What's more, this is only for the RRP of games, never mind the abundant ways it's possible to get a fantastic bargain on games nowadays. Steam sales, Humble Bundles, launch discounts, free games offered through services like PS Plus, these constant offers make gaming absurdly cheap compared to how it was even a decade ago. I wouldn't be surprised to discover that it's the frequency of discounts like this which have made £40-50 seem so astonishingly expensive by comparison.
Another factor which contributes to this warped notion of how much games cost is the number of games being released. Back in 1996, it was much easier to keep up with all the newest games because there were fewer titles around. Now, however, there are multiple releases every single day, and major launches every week or two. If you want to keep up with all of these games, then that is going to get expensive. But this doesn't mean gaming itself more expensive. If anything, that increased competition is likely to continue driving the overall price down.
Hence it's fair to say that this prevailing notion of gaming being a particularly expensive hobby is flat-out wrong. But there's a more important point to be made here, which is the community's perception of what constitutes value in a game is actually damaging to the industry as a whole. Both of the arguments I tackled at the beginning of this article share something in common - they are fixated on the quantitive aspects of gaming - how many people made this game? How many hours will I get out of it? How much content is in there?
The hours issue is particularly noisome, as it contributes to the problem of many big-budget games becoming baggy, repetitive skinner boxes which fill their gigantic open-world maps with as much "content" as possible in order to increase the perceived value of the game. Ubisoft are the main culprits here, although there are several others. Games like Watch_Dogs and the more recent Assassin's Creed games have been bogged down with an overabundance of copy-pasted activities which only serve to dilute the quality of the experience. Even Far Cry 4, a game which thrived on emergent open-world action, felt burdened by the sheer amount of stuff crammed into the game. But when one of the most common complaints of the gaming audience is that any game under ten hours is "too short", it's no great surprise when developers respond by deliberately bulking out their games.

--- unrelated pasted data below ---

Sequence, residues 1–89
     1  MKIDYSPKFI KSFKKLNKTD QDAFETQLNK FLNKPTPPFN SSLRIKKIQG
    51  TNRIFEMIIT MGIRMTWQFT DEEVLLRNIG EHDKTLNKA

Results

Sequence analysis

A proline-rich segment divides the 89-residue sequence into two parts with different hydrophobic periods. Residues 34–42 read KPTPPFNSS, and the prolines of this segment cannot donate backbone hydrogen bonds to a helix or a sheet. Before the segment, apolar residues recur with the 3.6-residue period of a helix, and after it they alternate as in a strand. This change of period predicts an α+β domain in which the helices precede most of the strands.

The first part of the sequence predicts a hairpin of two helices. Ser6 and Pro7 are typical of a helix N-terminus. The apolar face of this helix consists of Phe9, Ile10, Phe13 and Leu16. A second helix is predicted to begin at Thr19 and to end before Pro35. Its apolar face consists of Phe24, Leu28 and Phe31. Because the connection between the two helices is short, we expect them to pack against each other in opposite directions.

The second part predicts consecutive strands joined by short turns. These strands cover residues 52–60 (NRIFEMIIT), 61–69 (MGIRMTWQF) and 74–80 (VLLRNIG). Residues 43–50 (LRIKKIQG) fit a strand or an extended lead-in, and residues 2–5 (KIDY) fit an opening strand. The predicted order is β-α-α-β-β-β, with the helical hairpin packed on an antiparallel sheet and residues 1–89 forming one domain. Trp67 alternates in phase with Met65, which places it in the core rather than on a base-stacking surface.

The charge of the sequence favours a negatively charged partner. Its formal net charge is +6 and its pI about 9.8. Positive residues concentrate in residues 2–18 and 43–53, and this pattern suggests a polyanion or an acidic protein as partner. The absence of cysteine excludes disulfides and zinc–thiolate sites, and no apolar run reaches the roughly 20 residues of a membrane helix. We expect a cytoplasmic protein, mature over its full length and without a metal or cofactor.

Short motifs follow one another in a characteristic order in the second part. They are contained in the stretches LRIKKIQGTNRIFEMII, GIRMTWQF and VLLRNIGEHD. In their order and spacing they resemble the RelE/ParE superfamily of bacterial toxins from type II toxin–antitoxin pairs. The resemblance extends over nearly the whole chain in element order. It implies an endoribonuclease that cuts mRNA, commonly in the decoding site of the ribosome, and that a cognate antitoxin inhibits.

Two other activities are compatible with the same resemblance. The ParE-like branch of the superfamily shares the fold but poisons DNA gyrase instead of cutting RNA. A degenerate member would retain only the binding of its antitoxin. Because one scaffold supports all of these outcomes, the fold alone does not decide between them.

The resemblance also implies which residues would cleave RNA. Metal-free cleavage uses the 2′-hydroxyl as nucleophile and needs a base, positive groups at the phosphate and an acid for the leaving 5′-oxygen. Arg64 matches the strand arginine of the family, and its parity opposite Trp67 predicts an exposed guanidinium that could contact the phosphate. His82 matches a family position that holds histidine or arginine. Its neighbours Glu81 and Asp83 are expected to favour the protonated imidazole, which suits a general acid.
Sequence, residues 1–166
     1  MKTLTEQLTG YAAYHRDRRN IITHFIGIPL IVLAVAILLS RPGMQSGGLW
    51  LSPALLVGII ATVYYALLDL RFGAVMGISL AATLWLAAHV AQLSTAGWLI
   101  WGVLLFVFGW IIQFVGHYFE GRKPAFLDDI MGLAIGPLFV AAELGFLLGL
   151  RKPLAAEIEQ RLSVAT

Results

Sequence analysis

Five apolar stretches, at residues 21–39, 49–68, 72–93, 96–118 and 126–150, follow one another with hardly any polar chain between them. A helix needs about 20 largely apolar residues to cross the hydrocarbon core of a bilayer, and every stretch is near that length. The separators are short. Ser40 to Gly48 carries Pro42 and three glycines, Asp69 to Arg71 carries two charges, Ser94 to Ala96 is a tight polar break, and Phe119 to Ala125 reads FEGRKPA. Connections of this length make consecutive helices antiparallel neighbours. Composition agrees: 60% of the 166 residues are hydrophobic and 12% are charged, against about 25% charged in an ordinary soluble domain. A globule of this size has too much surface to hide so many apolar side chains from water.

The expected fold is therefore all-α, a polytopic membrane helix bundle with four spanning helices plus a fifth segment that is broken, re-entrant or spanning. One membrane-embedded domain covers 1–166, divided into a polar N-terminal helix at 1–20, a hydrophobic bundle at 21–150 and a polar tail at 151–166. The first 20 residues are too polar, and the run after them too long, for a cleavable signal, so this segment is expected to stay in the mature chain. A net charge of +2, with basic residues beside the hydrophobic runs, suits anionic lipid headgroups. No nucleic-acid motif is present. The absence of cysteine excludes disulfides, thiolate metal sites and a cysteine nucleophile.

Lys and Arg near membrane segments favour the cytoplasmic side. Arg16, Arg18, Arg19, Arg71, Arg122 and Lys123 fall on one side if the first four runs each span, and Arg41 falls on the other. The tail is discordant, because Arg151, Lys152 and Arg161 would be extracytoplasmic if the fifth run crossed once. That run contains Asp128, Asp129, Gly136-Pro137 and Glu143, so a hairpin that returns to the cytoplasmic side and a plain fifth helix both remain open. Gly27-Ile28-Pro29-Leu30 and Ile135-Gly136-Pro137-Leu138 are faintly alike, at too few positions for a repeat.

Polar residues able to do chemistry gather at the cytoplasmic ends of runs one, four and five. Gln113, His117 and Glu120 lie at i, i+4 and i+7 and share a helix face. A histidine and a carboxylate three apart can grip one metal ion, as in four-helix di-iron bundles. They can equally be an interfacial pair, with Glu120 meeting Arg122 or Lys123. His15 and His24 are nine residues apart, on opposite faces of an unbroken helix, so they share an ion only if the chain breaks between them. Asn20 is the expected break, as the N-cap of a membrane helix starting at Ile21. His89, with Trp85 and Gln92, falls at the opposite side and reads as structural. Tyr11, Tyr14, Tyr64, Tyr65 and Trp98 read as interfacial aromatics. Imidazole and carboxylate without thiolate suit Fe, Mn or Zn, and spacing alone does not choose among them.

I'm not suggesting that that long games are bad. My favourite game of last year was the Witcher 3, a truly massive RPG that ate around 80 hours of my life. Yet what made it so brilliant had nothing to do with the length of the game, but the quality of the experience over that period. Every single quest had something interesting to it that made me want to explore further. Even the rigidly structured Witcher Contracts were filled with twists and turns and surprises.
It's reasonable to want value for the money you spend, but basing that value entirely on sweeping quantities like size and length is not only short-sighted, but results in the cheapening of the overall quality of games. There's so much more to what games great, from the stories they tell to the ingenuity of their systems. If you absolutely must simplify your choice of game purchase into a single quantity, then instead of asking whether a game is worth your money, try asking whether it is worth your time. After all, it's always possible to make a little more cash, but when it comes to time, you only get what you're given.